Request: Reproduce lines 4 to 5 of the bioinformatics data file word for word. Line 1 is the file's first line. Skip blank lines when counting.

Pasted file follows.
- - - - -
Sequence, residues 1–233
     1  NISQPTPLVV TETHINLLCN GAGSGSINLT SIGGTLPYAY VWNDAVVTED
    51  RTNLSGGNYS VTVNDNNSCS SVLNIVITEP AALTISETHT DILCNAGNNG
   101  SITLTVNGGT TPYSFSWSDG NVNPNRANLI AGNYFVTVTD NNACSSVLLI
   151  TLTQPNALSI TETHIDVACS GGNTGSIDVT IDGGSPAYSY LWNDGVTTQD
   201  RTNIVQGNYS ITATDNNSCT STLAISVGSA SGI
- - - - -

   101  SITLTVNGGT TPYSFSWSDG NVNPNRANLI AGNYFVTVTD NNACSSVLLI
   151  TLTQPNALSI TETHIDVACS GGNTGSIDVT IDGGSPAYSY LWNDGVTTQD